Seattle Public Libraries: High Point Branch

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On February 1, Dreaming of Landscapes will move to its new home at I hope you will continue to follow this blog at its new home.

View from the Northwestern corner of 35th and Raymond looking east to the library.

View from the Northwestern corner of 35th and Raymond looking east to the library.

The second library of the year is the High Point branch. The branch was completed in 2004 with funding from the 1998 Libraries for All bond measure. The building replaced a space rented in the High Point development. The library now serves as a neighborhood anchor, drawing visitors from the wide range of communities around it.

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The Fauntleroy Ferry Terminal

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A ferry unloads cars at the Fauntleroy Ferry Terminal.

Since ancient times, the Puget Sound has served as a highway for maritime traffic. Before the arrival of Europeans, the Seattle harbor served as a center of trade for the native Salish. A busy trade route ran along the Puget Sound carried by cedar canoes.

Shortly after the arrival of European settlers, the first passenger fleets on the Puget Sound were started in the 1850s. Known as the Mosquito Fleets, each private fleet was made up of a variety of steam powered boats. In the pre-freeway era, these steam ships filled the need for fast and cheap transportation across and along the Puget Sound.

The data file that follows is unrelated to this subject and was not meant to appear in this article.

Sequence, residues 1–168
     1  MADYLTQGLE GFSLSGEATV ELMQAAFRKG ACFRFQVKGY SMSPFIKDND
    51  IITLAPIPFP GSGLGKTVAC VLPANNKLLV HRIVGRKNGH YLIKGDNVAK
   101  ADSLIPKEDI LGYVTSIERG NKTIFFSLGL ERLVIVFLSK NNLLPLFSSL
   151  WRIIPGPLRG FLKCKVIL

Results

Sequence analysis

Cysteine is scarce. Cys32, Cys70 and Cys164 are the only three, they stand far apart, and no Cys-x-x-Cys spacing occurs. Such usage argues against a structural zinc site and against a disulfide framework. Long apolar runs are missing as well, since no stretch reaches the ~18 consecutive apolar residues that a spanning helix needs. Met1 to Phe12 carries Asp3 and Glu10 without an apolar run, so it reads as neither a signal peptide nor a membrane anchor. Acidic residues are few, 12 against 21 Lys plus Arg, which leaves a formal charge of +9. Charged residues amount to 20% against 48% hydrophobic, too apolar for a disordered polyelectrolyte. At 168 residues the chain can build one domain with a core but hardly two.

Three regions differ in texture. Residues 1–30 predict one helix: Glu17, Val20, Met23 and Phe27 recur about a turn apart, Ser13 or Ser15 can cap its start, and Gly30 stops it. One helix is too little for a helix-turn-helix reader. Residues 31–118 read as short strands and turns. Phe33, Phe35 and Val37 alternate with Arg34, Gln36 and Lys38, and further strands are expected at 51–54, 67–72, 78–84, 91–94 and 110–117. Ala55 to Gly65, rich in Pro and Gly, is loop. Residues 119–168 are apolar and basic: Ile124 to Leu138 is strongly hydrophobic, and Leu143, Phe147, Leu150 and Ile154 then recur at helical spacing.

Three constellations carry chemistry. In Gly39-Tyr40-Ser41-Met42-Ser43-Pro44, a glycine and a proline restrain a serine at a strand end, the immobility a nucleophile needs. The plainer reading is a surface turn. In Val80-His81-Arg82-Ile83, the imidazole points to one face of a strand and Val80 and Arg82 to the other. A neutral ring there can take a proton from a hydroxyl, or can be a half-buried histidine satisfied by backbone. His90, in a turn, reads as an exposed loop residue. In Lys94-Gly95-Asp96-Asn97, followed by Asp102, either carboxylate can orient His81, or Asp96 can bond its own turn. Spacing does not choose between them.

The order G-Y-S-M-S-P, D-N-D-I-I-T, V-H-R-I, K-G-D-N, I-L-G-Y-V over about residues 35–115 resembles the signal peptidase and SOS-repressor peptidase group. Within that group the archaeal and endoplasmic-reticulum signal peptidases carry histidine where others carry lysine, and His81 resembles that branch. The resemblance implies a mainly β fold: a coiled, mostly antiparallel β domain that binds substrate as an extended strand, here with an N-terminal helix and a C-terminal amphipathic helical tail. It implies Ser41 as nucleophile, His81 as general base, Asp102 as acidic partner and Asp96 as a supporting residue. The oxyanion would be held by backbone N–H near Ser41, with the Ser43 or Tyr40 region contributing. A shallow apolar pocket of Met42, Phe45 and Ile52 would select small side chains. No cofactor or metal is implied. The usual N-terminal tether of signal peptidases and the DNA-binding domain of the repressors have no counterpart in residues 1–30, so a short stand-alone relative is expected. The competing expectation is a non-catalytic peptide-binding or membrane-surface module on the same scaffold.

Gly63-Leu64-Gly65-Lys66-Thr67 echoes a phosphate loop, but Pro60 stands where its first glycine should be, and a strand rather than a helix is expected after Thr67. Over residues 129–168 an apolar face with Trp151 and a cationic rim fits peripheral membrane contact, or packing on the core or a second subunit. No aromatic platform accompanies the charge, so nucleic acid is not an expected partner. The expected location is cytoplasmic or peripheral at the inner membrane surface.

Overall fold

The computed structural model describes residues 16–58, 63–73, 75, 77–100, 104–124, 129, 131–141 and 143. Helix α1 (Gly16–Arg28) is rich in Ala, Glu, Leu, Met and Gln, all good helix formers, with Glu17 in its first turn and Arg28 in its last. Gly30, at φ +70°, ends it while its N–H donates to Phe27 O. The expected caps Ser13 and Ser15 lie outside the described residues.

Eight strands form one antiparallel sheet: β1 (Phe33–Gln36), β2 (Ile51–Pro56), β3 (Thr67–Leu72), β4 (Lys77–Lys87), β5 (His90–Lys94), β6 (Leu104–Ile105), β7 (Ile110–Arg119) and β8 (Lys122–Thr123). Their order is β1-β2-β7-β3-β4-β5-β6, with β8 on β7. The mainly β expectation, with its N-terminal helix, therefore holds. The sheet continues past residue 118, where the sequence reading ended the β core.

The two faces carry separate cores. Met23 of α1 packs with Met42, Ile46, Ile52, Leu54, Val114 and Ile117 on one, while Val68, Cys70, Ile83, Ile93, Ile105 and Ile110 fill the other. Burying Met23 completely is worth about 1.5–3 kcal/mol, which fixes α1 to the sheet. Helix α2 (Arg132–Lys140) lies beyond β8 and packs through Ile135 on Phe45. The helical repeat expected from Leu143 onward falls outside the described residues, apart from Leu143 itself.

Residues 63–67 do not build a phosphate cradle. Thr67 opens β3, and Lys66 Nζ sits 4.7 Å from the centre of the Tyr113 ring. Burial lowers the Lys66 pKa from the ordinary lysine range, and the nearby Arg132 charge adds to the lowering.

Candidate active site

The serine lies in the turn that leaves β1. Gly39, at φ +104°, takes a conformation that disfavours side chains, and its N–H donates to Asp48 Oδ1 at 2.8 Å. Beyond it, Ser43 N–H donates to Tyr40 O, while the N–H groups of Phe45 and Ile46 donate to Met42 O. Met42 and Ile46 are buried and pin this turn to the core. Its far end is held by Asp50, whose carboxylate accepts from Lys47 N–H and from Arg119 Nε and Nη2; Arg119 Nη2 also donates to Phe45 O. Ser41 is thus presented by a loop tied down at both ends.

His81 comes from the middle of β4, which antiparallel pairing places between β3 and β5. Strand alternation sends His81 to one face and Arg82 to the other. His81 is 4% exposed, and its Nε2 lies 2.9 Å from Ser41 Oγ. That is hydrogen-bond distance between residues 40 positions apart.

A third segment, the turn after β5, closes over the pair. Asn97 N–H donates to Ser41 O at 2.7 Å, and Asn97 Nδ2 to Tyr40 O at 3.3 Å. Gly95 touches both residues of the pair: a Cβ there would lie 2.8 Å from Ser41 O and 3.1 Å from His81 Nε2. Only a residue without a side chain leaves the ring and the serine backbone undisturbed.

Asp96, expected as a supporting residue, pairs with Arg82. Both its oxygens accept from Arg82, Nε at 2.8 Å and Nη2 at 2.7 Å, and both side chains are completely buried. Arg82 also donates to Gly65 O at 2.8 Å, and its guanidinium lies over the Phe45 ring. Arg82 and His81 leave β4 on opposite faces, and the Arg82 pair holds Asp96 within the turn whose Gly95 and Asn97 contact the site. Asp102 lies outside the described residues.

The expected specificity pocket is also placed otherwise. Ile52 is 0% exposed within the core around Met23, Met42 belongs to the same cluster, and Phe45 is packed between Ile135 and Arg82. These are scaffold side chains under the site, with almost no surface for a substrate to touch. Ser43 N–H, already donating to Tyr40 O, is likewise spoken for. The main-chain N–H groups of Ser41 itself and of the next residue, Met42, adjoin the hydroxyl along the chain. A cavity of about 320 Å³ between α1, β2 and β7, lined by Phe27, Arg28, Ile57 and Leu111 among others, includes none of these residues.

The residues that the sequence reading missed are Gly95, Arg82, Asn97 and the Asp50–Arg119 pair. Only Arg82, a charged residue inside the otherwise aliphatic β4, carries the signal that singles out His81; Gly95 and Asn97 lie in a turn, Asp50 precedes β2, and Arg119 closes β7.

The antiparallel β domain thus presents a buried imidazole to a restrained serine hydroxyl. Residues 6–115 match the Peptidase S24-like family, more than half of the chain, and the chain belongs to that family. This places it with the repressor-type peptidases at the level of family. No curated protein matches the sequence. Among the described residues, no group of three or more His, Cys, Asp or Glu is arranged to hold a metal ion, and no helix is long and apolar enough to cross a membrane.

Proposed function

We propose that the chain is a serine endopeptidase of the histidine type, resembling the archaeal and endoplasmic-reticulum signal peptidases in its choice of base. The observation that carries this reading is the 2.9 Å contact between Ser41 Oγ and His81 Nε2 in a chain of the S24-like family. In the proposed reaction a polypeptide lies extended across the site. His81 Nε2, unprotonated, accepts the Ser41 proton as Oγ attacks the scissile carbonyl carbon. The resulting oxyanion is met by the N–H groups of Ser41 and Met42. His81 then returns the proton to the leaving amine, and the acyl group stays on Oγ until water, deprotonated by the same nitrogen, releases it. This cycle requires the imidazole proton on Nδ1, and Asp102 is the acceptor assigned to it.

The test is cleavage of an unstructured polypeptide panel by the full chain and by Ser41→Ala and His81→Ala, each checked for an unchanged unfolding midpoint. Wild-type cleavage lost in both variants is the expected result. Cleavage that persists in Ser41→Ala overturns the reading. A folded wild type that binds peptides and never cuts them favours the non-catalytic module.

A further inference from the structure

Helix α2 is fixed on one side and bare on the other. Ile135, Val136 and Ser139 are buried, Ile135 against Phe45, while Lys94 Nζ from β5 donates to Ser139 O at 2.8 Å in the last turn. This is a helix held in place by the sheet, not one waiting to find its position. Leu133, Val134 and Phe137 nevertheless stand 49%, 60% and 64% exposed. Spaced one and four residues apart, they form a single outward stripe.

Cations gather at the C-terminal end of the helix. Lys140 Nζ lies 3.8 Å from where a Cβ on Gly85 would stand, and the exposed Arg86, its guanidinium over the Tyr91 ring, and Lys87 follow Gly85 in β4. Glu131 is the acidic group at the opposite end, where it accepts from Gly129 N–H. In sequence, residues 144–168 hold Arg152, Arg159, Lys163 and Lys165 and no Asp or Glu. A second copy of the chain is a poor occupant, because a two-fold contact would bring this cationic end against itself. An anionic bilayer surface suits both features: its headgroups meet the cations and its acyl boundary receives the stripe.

Following World War 2, the Mosquito Fleets saw a gradual decline as the car replaced the fleet as a convenient means of travel in the Puget Sound area. However, the demand for transportation across the Puget Sound and to the Sound’s many islands remained. Since bridges were not practical the Washington State Department of Transportation launched its first car ferry across the Puget Sound on June 1, 1951.

Today, Washington State operates the largest ferry system in the United States. The Washington State Ferry fleet contains 22 ships with stops at 20 terminals. This week’s sketch shows the Fauntleroy Ferry Terminal in West Seattle. This terminal provides access to Vashon Island and the City of Bremerton.

To learn more about the Washington State Ferry System visit here

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A ferry waits to load cars.


Alki Art Fair

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On the day I visited the Alki Art Fair a massive storm front was hovering over the Olympic Mountains. Fortunately, the storm stayed over the mountains, leaving Alki Beach sunny. In this view, we see the back sides of several booths with Puget Sound and the storm front beyond. A wide range of arts and crafts were on sale, including Bonsai, watercolors and tile work.

To learn more about theĀ  Alki Art fair visit here

To learn more about Alki Beach visit here

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